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Bits: 3 Ways to improve NHL broadcasts

<em>JT: Tale of three seasons.</em>
JT: Tale of three seasons.

Some discussion topics and links before Islanders report cards resume:

Three Ways to Improve NHL Broadcasts

These proposals relate directly to last night's Sharks-Red Wings broadcast, though they've lingered in my head for a few years.

Hockey on TV has always been limited by cameras and resolution, but now with bigger TVs and HD broadcasts that is improving. Rather than simply making the puck bigger and player mullets clearer, though, I'm wondering if those tech advances could shows us more of the game -- and tell us more of what's going on. That's a big part of my first reason for desiring some changes to how hockey (at least playoff hockey, when stakes are high and budgets are big) is televised:

1. Widen the Standard Broadcast Angle. Thanks to their wide aspect ratio HD TVs already show us a little more of the rink during the standard rink-side play-by-play view. But I could handle more. People won't like this comparison, but soccer broadcasts at a much larger angle by necessity. You see more of the play develop as a result.

Two examples from last night illustrate this. Joe Thornton made a bad pass in the offensive own zone that Pavel Datsyuk retrieved and took the other way to score on a beautiful shot from the high slot. Thornton didn't see Datsyuk because he'd just come on from a line change; viewers didn't see Datsyuk because the camera didn't give us a view extending toward the bench side of the rink. Later, Thornton had a breakaway thanks to a "stretch" pass by Dan Boyle from his own zone. Thornton lurked behind Nicklas Lidstrom and broke free. When Boyle released the puck, viewers had no idea why. In that moment, we as viewers could have known what Lidstrom didn't.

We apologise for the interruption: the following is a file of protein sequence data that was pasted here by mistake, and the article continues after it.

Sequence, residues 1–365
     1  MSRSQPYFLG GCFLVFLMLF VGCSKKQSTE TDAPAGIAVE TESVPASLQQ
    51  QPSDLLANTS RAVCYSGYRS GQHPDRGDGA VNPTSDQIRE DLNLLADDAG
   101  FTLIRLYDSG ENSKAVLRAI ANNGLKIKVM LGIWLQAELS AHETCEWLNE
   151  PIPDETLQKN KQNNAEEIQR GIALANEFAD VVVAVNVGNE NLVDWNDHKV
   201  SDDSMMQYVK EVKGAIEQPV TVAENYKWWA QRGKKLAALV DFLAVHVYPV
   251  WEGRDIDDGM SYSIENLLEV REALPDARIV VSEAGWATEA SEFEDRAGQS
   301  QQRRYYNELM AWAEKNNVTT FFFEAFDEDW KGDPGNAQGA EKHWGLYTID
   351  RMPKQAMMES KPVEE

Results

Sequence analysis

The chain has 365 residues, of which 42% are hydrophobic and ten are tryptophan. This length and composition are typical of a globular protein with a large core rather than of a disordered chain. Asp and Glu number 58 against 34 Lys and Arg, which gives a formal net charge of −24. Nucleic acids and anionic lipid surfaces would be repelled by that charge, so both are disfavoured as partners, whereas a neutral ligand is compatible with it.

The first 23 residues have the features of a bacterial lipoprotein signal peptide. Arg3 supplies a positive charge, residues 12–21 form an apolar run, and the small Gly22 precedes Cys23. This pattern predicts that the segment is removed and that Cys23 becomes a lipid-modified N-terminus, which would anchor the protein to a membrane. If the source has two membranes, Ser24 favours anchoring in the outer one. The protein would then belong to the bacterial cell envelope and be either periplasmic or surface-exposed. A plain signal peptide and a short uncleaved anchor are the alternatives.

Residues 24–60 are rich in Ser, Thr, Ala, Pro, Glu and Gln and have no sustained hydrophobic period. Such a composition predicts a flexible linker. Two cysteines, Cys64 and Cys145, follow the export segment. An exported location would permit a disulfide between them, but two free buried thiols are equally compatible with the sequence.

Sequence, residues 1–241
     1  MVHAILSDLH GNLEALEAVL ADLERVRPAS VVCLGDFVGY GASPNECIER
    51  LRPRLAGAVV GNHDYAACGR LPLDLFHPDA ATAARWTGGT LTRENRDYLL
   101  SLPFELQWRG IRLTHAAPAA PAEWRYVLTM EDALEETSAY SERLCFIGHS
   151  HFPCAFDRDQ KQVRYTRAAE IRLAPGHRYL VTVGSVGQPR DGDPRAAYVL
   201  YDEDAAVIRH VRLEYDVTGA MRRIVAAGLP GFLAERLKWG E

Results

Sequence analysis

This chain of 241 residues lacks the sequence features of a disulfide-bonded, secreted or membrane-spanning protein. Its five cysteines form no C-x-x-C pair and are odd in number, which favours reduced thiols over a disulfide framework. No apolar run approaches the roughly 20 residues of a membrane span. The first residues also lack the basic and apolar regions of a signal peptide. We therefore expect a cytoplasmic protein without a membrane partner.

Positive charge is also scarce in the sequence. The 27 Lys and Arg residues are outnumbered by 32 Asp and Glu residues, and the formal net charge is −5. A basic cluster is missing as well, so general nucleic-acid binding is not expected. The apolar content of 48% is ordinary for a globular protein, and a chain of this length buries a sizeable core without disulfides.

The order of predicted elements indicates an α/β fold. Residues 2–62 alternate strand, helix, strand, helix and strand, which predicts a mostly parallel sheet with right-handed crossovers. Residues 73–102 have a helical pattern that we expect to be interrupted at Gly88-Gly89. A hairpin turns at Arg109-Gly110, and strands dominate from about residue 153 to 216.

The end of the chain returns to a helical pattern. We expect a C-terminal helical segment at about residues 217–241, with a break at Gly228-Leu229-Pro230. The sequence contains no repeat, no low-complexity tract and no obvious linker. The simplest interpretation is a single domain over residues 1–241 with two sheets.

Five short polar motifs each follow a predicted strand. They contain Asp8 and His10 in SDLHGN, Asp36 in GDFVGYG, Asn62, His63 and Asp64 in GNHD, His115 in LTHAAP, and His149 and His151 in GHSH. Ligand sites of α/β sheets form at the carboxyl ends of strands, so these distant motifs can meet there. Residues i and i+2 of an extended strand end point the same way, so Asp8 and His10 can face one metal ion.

Pull the camera back some -- you can still show your selective close-up action shots as usual -- and we see the lurking backchecker, the guy open for a one-timer on the other side of the zone, the Thornton lurking at the opposition blueline. It would lead to fewer jerky camera jolts as the cameraman tries to follow the puck, too.

2. Show Line Changes before Faceoffs. Hockey is a fast-moving, complex game. Its fast pace doesn't lend to instant analysis like that in football, basketball and baseball -- three games that spend lengthy periods (or timeouts) with no action. But that doesn't take away from the strategy. A fundamental part of that strategy is which players you play and when you play them -- particularly during the playoffs. Last night announcers referred to multiple times when old colleagues Mike Babcock and Todd McClellan were making late line changes in between whistles, trying to match up. The officials even needed to warn the benches about late changes one or two times (or more).

Instead of showing us lingering shots of the goalie or the latest goal scorer's face on the bench ... how about showing us the actual act of who's coming on or off the ice. One thing I'd love to see more is who the home coach puts on and then immediately pulls off after seeing the road coach's move.

3. Confiscate and Destroy All One-Piece Sticks. Last night's game turned on a late game-winner that occurred because Lidstrom broke his stick on a shot attempt at the point. The Sharks' most dangerous trio took it the other way and scored. Lidstrom made it back into the play but was helpless to defend because he lacked the hockey player's most important piece of equipment. A great playoff game was decided by equipment failure. That's pathetic.